So when I hear someone who wants others to believe that they are an “artist” ask “What is the incentive to create, I will not see a dime from it.” I begin to question everything they produce, where is the passion? Can true art be created dispassionately? If you cannot create for the sake of creating, but only when it has the potential to offer you a paycheck, then go become an accountant already, because I want to hear about your heart, not how big your mortgage payment is.

So why create without the guarantee of financial reward? Because it is your passion, if it is no longer a passion, you have no business doing it. Art and commerce are mixed together in a soup that cannot easily be separated. But an artist who puts commerce before art, is no longer an artist, at least in my opinion.

“Art is either plagiarism or revolution.”
Paul Gauguin

I have heard some artist claim that music is all the same, there has not been anything new in rock and roll in the last forty years so what’s the point. I’m trying to imagine My Chemical Romance or Powder performing on the Ed Sullivan Show, somehow I don’t think they would have made it past the 1950’s sensors.

Louder or offensive does not necessarily mean new, the music my nephew listens to does have it’s roots in blues, jazz and rock after all, but it certainly doesn’t sound like any of those to me, so I do consider it something new.

Seeing a band on stage that is free and passionate in what they do makes me love their music even when the style is something other than what I would normally be drawn to. Watching someone who is passionately free in their expression is liberating to my soul no matter what form that expression takes.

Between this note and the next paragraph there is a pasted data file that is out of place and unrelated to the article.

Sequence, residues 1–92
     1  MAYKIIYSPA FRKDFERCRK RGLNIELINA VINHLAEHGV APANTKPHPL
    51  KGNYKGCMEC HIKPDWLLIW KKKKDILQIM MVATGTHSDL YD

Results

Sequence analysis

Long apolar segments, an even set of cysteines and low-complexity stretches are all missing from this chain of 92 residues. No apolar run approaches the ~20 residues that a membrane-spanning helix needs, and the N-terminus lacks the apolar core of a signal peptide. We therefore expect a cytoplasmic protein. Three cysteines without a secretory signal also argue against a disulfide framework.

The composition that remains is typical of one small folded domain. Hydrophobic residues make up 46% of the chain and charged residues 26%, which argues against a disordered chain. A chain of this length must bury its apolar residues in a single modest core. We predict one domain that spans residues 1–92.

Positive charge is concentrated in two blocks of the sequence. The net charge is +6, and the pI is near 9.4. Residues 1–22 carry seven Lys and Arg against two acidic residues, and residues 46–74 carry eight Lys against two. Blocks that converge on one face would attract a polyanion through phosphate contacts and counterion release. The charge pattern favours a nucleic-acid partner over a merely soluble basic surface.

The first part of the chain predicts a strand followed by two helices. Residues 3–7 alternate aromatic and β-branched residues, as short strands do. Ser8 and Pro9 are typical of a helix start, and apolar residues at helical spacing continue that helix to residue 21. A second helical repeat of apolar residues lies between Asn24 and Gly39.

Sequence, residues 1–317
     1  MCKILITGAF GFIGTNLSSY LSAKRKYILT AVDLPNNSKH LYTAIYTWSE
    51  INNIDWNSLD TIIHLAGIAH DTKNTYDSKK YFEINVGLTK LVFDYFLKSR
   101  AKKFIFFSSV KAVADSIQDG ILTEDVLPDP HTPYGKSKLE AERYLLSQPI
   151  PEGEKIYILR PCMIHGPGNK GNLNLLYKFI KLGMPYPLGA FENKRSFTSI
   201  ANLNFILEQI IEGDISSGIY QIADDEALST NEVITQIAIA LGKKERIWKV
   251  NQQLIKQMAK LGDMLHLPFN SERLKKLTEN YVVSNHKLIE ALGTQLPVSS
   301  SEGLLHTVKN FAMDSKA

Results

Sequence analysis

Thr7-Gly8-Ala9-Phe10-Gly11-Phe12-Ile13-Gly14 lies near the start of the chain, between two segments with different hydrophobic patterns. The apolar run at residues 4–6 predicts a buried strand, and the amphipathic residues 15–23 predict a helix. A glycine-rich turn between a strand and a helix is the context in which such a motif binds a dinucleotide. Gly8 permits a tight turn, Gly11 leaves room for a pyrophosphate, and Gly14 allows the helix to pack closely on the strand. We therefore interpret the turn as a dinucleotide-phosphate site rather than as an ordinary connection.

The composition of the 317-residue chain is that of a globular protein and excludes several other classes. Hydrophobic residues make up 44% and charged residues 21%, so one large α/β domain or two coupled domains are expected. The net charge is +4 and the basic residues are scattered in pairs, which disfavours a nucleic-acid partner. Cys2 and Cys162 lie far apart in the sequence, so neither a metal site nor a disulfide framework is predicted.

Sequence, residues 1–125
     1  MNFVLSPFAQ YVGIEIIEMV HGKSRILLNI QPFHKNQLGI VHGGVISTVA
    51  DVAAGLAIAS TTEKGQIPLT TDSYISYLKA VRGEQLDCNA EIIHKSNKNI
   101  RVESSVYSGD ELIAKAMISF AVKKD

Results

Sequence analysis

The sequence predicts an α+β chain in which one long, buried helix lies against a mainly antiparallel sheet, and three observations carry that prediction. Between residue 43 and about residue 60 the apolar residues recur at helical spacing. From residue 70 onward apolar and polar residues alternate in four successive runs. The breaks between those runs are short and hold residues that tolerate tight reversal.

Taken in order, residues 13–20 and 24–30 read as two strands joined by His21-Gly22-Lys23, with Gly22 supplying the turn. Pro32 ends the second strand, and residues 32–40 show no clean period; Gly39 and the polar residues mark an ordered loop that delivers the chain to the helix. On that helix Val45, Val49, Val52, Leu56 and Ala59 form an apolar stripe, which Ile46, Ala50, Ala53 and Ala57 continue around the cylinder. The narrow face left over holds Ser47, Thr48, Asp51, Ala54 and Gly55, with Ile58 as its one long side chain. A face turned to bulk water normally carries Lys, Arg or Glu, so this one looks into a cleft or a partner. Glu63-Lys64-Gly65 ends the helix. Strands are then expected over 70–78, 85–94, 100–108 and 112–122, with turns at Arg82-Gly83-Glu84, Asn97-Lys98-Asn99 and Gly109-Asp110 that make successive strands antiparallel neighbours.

This summer I walked through the Chicago Institute of Art. I saw all of the “Great masters”. I stood and cried at the self-portrait of Van Gogh, yet felt no emotions in front of the Rembrandts. I appreciated their beauty but they did not speak to me. Dali’s “Birth of Monster’s” however disturbed me so much I felt sick to my stomach. I hated the subject matter; I hated what I was looking at. But I forced myself to study it for a few minutes until I got chills and had to leave. He had something to say to me. It may not have been something I was comfortable hearing, but it was passionately expressed – so I listened.

“We don’t read and write poetry because it’s cute. We read and write poetry because we are members of the human race. And the human race is filled with passion. And medicine, law, business, engineering, these are noble pursuits and necessary to sustain life. But poetry, beauty, romance, love, these are what we stay alive for.”
John Keating.

For centuries art has been a catalyst for change, from Shakespearean plays, renaissance paintings, to counterculture poetry. Satirically poking fun at the king or calling for the overthrow of a tyrant has been tolerated through art when freedom of speech was not even a concept. Most of us have come to take for granted those freedoms, and it seems therefore we have stopped expecting artists to move beyond the pale.

So what of those still oppressed by tyrants, held in poverty, consumed by the ravages of ethnic cleansing? I wonder, given the tools of artistic expression what they might have to say. Is there a young Van Gogh, Mozart, or Yeats wandering amongst the refugee camps of Darfur? Is there someone there, who, if given a voice, the tools to express them selves might someday set their world on fire?

“ I don’t tell the other kids I am sick because they will bully me and torment me. I just wish I had some crayons and some books to write in.”
Noah age 8 – HIV positive – Africa